I asked about my Uncle, Ma's brother. He's in hospice and he's hanging on. I asked why he hasn't left yet. Why is he still hanging on. Ma said that someone is holding him here. He needs to be given permission to leave, but that one of his care takers sees that their lives are intertwined, and that person couldn't survive without my Uncle. I understand that. She also said that he had help breathing. He's dying of lung cancer.

I asked about my Dad and if he is all right. She asked me if he drank hard liquor. No, he drank beer. Well, he and the one who drank hard liquor are up there together, drinking and smoking cigars. When he comes to me, I smell cigar smoke. She's right. I do. The one who drinks hard liquor has to be his younger brother.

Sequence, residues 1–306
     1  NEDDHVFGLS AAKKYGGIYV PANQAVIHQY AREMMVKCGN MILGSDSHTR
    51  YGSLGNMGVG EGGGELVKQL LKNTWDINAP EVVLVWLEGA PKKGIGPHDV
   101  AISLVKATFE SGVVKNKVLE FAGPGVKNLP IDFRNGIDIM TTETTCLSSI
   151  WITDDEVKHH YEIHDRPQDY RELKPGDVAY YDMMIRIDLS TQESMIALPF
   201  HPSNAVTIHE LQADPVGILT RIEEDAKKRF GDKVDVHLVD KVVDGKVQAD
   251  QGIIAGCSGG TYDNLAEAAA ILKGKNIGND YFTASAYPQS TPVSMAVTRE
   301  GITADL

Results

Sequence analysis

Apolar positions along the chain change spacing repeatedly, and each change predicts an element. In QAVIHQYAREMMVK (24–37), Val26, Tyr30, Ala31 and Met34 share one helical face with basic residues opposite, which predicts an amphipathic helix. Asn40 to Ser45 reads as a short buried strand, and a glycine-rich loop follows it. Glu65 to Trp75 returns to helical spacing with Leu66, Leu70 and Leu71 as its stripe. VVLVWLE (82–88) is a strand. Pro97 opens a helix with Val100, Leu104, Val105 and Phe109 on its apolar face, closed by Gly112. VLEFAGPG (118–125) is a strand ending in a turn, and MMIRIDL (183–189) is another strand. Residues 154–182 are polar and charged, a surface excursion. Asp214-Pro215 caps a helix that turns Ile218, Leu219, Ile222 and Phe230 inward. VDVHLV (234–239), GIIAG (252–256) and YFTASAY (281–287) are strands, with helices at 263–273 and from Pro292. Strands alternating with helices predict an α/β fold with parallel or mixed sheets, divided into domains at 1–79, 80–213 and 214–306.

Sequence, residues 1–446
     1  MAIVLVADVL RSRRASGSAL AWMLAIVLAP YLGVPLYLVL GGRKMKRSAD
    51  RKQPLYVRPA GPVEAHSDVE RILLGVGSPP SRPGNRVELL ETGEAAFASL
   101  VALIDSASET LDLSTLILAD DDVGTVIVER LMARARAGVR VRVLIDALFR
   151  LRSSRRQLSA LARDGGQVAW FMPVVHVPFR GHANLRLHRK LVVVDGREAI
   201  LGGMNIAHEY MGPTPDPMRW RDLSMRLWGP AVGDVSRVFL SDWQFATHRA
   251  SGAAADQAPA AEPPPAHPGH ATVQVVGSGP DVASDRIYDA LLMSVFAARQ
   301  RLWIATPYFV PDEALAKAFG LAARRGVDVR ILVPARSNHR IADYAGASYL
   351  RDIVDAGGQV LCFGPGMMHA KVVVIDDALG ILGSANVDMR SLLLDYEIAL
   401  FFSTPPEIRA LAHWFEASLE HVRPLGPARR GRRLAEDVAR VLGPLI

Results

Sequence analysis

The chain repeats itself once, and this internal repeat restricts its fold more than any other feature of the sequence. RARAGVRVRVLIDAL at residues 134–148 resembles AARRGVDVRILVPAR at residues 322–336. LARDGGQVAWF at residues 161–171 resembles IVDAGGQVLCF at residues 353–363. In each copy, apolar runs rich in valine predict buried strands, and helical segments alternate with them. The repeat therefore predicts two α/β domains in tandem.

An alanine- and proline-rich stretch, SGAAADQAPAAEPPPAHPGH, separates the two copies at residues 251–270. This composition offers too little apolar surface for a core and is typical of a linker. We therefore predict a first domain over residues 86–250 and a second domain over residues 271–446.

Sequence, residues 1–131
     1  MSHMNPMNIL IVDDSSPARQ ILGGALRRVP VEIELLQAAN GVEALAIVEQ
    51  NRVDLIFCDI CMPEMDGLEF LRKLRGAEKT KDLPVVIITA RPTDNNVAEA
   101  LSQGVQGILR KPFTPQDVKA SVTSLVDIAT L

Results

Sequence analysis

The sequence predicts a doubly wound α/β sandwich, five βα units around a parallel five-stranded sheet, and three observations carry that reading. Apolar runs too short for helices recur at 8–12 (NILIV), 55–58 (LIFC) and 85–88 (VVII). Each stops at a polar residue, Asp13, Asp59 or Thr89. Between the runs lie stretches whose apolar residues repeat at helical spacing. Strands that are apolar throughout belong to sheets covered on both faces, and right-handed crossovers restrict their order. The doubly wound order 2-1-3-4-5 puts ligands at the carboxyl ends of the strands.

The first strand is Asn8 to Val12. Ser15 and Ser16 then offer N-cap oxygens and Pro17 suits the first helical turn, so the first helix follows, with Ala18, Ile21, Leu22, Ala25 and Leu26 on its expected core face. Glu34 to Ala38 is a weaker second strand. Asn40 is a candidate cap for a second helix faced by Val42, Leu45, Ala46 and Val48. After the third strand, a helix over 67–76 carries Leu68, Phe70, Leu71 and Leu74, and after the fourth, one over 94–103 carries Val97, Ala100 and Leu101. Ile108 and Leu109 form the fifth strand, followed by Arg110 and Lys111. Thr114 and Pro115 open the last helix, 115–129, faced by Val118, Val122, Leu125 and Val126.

I think I got it all down. She said that she would let everyone go at that point. Oh, she asked whose birthday was next, and she said that I should get him yellow Mylar balloons with cars on them. That person is car crazy. No, that person is Mustang crazy. I have to remember this. I can see myself handing Jon the balloons, I'd say I could buy the balloons,, "Happy birthday. This is from Grandma Jane."